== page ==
The Hoarding Hermits

Nebraska’s history is littered with financial panics and disasters. Some Nebraskans

weathered these crises, scraped together what fiduciary resources they had left, and went on

with their lives. Others never recovered; their losses were emotional and social as well as

financial. Two such individuals were the brothers Strelow. They lost a fortune in Chicago,

not in Nebraska, but it was here, near Denton, that they lived out their bitter lives.

The peculiar turn their lives took was only revealed on the death of Theodore Strelow. A

1926 story in the Crete News gave this account:

“Losses in the Chicago real estate game when even that city was young changed the whole

outlook on life held by Charles and Theodore Strelow and sent them to the seclusion of a

Nebraska farm where they might hoard gold, count money, and live a life of seclusion. Such

is the story of their life as told by Robert Strelow, a nephew.

“As young men, the brothers came first to New York, then to Chicago. With what money

they had brought with them, they were soon able to amass a considerable fortune and started

loaning money on real estate. But losses as well as profits mounted and one fine day in 1876,

they found themselves holding the sack for $20,000.

“Gathering what remained of their capital, they moved to Nebraska. A farm cost but $4.50 an

acre then, good land too, and so they bought it. They bought horses, other stock and

equipment, and paid for it all in cash. Then was begun the fifty years of seclusion and

secrecy which ended this week with the announcement that $46,705 in gold, currency, silver,

and bonds had been found on their old homestead south of Denton.

“The land originally purchased for $4.50 an acre is now probably worth $125, and the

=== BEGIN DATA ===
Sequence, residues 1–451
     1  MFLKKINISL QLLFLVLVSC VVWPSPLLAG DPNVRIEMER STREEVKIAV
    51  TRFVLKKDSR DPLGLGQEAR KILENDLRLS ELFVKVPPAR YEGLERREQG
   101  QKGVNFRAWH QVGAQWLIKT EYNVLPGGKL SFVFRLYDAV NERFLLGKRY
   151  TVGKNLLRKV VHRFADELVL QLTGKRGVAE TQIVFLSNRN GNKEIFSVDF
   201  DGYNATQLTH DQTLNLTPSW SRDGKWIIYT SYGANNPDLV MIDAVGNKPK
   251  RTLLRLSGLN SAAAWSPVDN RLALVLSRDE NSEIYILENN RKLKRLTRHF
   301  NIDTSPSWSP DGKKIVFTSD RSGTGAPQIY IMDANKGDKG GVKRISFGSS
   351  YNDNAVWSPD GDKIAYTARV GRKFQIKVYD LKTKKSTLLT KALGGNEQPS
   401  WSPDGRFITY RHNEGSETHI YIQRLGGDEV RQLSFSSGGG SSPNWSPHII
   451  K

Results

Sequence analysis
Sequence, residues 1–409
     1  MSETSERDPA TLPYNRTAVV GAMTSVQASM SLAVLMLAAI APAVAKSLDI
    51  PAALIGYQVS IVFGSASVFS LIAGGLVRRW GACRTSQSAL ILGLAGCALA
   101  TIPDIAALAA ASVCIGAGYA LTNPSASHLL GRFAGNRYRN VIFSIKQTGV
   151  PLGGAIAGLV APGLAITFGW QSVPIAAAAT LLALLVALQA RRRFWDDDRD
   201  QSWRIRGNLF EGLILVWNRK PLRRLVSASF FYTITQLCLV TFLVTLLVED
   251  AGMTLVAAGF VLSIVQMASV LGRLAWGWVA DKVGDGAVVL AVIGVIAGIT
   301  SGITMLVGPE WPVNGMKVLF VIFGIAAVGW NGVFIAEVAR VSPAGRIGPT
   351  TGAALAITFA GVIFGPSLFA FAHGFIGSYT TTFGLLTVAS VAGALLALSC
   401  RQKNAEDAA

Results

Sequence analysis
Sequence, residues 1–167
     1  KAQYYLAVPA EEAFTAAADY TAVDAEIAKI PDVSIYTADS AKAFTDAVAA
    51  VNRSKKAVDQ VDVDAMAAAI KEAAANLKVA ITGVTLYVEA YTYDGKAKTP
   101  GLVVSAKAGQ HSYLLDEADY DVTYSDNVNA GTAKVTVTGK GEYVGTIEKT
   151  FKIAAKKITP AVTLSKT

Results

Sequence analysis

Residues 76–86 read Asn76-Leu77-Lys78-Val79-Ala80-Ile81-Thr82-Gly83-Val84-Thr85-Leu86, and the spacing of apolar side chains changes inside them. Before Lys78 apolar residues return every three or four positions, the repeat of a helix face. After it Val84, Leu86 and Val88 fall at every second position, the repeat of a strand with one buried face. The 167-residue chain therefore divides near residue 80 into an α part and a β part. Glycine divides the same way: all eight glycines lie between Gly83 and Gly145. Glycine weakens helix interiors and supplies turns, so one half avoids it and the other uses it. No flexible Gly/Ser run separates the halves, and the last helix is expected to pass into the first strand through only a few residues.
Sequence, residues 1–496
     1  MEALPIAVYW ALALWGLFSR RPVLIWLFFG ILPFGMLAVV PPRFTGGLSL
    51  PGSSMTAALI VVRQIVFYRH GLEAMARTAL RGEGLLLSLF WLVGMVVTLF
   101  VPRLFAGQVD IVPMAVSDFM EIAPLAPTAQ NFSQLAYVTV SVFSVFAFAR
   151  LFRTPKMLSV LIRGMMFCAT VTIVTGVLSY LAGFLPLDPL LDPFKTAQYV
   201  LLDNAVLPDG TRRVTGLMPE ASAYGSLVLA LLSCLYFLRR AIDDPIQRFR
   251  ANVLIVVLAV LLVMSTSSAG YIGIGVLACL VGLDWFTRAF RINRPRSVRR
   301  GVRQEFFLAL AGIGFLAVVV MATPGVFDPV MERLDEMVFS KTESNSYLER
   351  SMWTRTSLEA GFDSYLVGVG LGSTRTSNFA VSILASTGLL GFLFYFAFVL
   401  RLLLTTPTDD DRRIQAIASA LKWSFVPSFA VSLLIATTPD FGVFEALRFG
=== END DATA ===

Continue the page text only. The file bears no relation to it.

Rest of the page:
leavings of capital brought by the Strelows from Chicago has grown to tens of thousands of

dollars. Yet the brothers, until the death of Theodore and the placing of Charles in a Lincoln

sanitarium, lived in such squalor and filth that the neighbors complained and a Lincoln

humane officer, used to such scenes, gazed in wonder at the mess.

“The financial reverses which drove the brothers to hoard money also kept them from

spending more than a pittance. The two room shack they erected in 1876 was still used by

them in 1925. They ate common, coarse foods, part of which they purchased, usually at

Crete. They kept no equipage and drove to market once and a while with one of their few

friends. When the last pot of gold was found in a grain bin Wednesday night, several sides of

bacon were hanging from rafters above it.

“Theodore, until his death a few days ago, was the cook. He kept a little pathway round the

stove clear of litter, although the rest of the floors were covered several inches thick with

rags, dirt and filth of every description. How Charles managed in the few days between the

date of his brother’s death and the time when he was sent to a Lincoln hospital has not been


“Two great dogs, one of which is dead, and the other, like his master, confined on the order

of the authorities, aided the aged Strelow brothers in guarding the hidden wealth. Tied in one

spot until they had worn depressions in the earth, and confined until all their beastliness

broke out, the dogs menaced every visitor at the homestead. They tore a tire cover from a

deputy’s car and were managed best with a baseball bat. Robert Strelow, together with

sheriffs and attorneys have ripped open possible hiding places on the farm, until they say the

are certain no more money was secreted.”

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